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Arnold: Developing efficient IoT data processing applications for a versatile PULPissimo-based SoC in 22nm FDSOI

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Introduction

With the growth of smart sensors being part of everyone’s everyday life, data driven applications are acquiring more and more relevance in the electronics consumer market. Smartwatches for fitness tracking, camera for security and multimedia entertaining as well as biomedical devices as ECG and EEG wearable devices for health care applications are just few of these examples. Typically, the data streams coming from sensors are processed on servers in the cloud. This requires the data to be sensed by a physical device driven by a microcontroller, possibly pre-processed and eventually sent to the network wirelessly (as using Bluetooth low power WiFi radios) where the packet goes through router and switches until it finally arrives to the server in the cloud which will process it and possibly give feedbacks to the users or to the microcontroller for closed-loop applications. As these smart-sensors are usually battery-powered, they are designed to be energy efficient. Most of the power is spent in transmitting the data from the radio to the server, therefore minimizing the transmitted bandwidth towards the servers does not only help to minimize the traffic and congestions, but it also helps the smart-sensors to live longer.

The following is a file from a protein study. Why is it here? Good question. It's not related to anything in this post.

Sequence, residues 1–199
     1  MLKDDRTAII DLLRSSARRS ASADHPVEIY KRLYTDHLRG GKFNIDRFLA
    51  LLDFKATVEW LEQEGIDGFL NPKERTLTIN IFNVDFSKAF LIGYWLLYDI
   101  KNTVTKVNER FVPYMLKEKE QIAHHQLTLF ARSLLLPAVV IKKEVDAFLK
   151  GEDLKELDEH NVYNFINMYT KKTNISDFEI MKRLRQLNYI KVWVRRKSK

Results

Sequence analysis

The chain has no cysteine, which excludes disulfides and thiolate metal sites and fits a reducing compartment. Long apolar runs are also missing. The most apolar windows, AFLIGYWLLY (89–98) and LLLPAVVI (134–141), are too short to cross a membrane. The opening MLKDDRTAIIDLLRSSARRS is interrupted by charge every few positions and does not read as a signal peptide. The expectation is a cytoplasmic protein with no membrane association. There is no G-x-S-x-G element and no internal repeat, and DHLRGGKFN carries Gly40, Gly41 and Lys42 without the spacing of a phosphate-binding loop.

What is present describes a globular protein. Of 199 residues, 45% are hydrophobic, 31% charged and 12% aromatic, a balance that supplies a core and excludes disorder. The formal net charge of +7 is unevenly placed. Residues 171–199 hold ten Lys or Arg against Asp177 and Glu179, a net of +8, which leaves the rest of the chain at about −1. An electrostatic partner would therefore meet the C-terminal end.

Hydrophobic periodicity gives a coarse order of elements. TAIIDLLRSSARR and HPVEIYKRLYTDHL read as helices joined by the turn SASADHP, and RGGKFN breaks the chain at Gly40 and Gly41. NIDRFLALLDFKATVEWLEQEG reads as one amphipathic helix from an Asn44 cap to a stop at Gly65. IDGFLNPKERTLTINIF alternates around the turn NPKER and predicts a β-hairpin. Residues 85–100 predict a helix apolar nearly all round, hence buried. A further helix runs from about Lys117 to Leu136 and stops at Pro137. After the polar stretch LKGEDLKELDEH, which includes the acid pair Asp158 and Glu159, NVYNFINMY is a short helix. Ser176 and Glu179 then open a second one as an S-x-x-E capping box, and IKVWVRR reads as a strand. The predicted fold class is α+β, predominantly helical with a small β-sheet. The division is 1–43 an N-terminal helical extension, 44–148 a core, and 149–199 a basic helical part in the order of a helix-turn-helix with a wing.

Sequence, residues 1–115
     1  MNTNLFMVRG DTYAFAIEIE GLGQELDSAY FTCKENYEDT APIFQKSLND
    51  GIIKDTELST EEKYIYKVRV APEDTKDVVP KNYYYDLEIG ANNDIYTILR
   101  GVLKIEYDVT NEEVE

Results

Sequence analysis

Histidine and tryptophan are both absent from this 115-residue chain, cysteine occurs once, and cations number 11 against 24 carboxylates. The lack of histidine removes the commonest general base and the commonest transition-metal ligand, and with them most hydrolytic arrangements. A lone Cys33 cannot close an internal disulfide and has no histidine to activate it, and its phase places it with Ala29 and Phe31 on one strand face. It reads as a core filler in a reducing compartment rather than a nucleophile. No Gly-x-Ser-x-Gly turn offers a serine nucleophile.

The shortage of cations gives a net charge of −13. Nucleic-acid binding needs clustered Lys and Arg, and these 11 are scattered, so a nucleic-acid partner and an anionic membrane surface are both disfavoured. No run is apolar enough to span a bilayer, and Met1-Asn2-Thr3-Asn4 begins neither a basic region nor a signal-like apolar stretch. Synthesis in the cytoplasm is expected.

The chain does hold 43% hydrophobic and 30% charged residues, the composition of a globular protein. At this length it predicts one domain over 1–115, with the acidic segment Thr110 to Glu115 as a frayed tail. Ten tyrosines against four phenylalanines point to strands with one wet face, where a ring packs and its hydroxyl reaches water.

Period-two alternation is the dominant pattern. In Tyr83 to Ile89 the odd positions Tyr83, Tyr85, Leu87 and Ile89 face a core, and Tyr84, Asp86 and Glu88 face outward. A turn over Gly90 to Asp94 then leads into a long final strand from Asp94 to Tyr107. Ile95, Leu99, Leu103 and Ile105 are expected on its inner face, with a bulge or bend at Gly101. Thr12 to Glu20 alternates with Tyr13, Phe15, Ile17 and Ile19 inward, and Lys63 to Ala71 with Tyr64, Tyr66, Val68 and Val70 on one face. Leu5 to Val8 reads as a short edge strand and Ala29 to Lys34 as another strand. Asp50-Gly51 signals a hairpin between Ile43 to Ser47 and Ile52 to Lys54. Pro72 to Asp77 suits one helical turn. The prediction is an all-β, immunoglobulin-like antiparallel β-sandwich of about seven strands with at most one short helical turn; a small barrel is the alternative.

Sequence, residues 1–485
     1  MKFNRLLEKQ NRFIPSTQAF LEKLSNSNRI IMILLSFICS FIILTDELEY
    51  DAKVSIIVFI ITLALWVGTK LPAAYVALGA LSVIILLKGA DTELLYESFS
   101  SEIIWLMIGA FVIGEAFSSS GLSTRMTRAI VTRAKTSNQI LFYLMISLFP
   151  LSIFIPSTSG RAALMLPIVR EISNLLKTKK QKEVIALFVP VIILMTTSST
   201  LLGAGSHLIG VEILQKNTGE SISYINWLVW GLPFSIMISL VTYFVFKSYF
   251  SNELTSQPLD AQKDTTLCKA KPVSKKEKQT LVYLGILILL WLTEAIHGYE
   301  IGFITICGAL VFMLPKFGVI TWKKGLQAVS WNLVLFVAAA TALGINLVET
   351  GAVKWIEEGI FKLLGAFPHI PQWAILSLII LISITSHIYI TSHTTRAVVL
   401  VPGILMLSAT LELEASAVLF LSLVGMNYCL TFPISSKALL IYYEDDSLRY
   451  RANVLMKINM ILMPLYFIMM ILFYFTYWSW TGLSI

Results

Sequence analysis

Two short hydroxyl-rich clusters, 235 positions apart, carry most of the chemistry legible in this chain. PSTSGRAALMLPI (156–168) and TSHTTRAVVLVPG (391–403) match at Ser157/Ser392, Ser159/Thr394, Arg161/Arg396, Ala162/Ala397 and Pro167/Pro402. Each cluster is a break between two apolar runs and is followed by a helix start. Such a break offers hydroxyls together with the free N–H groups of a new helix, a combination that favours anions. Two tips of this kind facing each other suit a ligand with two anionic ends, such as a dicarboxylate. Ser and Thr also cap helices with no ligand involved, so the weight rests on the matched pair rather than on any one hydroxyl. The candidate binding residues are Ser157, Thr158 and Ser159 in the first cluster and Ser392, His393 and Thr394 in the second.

Pulp processing iot.png

Classification and/or data compression are data processing algorithms that can be used to cope with the aforementioned challenge. As for example, one can imagine an application for face recognition built as following: an ultra-low-power camera continuously acquires images, the microcontroller can compress the image and send less bytes to the server which will simply decompress the data to perform a convolutional neural network to classify the acquired face. Another smarter example still built on a face recognition application is the following: the microcontroller performs a pre-classification on the image to recognize whether the picture is a face or not. In this case, only a small part of the algorithm is needed with respect the whole face recognition process. If the picture is a face, the image is then sent to the cloud saving both on-node power due to the limited access to the radio device and server resources, as they now execute face recognitions algorithms only on certain events.

Face recognition.png

The event-driven execution paradigma can be also applied at microscopic level by shutting down parts of the microcontroller which are not used during some sort of pre-processing and turning them up only for detected events.